His inspiration came from the characters he created, but, once created, the characters didn’t let him develop the story: they wanted to tell their own… 

Image: Jeanne Mammen, Jüngling, c.1943-45

T-Rain, and a girl named Zula: a reading of Neal Stephenson’s Reamde #amreading

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Every other thing that he had done for the company – networking with money launderers, stringing Ethernet cable, recruiting fantasy authors, managing Pluto – could be done better and more cheaply by someone who could be recruited by a state-of-the-art head-hunting firm. His role, in the end, had been reduced to this one thing: sitting in the corner of meeting rooms or lurking on corporate email lists, seeming not to pay attention, growing ever more restless and surly until he blurted something out that offended a lot of people and caused the company to change course. Only later did they see the shoals on which they would have run aground if not for Richard’s startling and grumpy intervention.”

Reamde is a tough, long, and interesting novel. I had to interrupt my reading several times during this year, and this made following the plot as hazardous as the story itself. I acquired Reamde initially as an e-book. The version I had was poorly edited, and after some four hundred pages I could no longer find my way through the various geographies and characters. Finally I purchased the paperback (in the Atlantic Books edition available in the UK.) This helped me to come back on tracks, as the good ones were getting deeper into serious trouble, and the bad ones were… getting more horrible than ever.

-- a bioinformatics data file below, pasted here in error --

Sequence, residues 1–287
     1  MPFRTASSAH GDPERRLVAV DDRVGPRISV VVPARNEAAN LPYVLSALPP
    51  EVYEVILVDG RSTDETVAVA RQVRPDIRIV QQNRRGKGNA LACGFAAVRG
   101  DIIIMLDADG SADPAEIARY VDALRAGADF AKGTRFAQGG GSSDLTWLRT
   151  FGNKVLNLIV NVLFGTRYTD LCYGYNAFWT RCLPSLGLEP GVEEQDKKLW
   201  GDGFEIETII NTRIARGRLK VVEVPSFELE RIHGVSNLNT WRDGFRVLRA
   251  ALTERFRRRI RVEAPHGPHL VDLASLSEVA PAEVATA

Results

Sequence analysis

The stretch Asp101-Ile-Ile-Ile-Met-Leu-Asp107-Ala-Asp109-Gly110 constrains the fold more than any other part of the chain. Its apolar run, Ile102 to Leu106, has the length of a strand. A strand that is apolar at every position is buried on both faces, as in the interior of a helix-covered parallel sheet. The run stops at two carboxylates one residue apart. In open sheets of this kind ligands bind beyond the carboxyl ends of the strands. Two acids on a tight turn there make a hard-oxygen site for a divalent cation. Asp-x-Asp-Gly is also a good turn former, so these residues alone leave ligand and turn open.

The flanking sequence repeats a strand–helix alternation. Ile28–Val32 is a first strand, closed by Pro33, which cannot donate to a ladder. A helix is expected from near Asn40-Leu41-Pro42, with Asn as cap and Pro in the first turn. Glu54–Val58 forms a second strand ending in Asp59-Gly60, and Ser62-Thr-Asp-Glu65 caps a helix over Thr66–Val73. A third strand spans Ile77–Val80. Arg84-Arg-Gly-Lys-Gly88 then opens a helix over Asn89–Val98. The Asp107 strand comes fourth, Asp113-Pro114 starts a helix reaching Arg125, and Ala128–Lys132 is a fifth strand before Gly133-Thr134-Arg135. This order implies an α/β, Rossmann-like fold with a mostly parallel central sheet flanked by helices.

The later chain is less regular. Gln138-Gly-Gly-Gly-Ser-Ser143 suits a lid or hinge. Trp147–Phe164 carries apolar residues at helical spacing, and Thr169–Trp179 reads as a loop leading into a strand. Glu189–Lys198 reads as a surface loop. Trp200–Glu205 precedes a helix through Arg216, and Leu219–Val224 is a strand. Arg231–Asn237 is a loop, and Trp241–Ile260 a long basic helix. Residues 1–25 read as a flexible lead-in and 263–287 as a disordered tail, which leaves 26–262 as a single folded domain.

Richard Forthrast is a wealthy entrepreneur, and the soul at the core of T-Rain, a world-class multiplayer (MMORPG) game and metaverse, that transcends all predecessors. Richard is the head of the Forthrast clan, an expanded family of gun-totting characters who include his adopted niece, the beautiful Zula, a refugee from Erithrea. The world of T-Rain is, one day, disrupted by the double event of an internal war – the Wor – and the advent of what turns out to be a deadly virus, Reamde. The plot then develops into two parallel, but eventually convergent, lines: what happens in T-Rain, and what happens in “reality”: much of the book’s interest arises, in this reader’s view, from this double narrative, the journey in T-Rain, and the journey in this world, from Idaho to the Philippines, via China and various airfields and oil tankers, and back again, as Bilbo Baggins used to say. Both are rich in deadly traps, of the explosive and other varieties, such as magic spells.
A good first tier of the book is devoted to a description of T-Rain, its design, history and creators, a medley of British and US genial weirdos, recruited by, and under Richard’s influence. I must admit having lost the thread more than once (a fuller understanding would require a second reading, at least.) The real world’s thread centres on Zula and her companions, and their odyssey. For Reamde, the virus, cuts across the machinations of a criminal gang from the East, whose extortion racket is disrupted by the virus. The consequences of the gang’s brutal intervention, and a chance meeting with a bunch of jihadists, make up the second half of the novel, as the separate trails slowly converge back to the US-Canadian border, and Richard’s eagle nest.
There are hints of Snow Crash, Stephenson’s earlier novel that introduced a proto-virtual world, and multiple references to the world of hacking and virus developers. There are peripheral characters, some roughly inspired by the “war on terror”, and of course, the very nasty, and yet noble jihadist, the infamous Jones.
I only caught up with the female characters, all three of them, once I had acquired the paperback, having to backtrack through the 1044 pages! I think, now, that sometime I will re-read Reamde, when I have some uninterrupted three or four weeks of quiet vacation (maybe when we visit Seattle?) Stephenson lives in Seattle and his geographical knowledge of the region is evidently vast. I struggled with the trails through the mountainous area above Richard’s Schloss! A map would be as useful to the reader as it would be to Zula and her friends.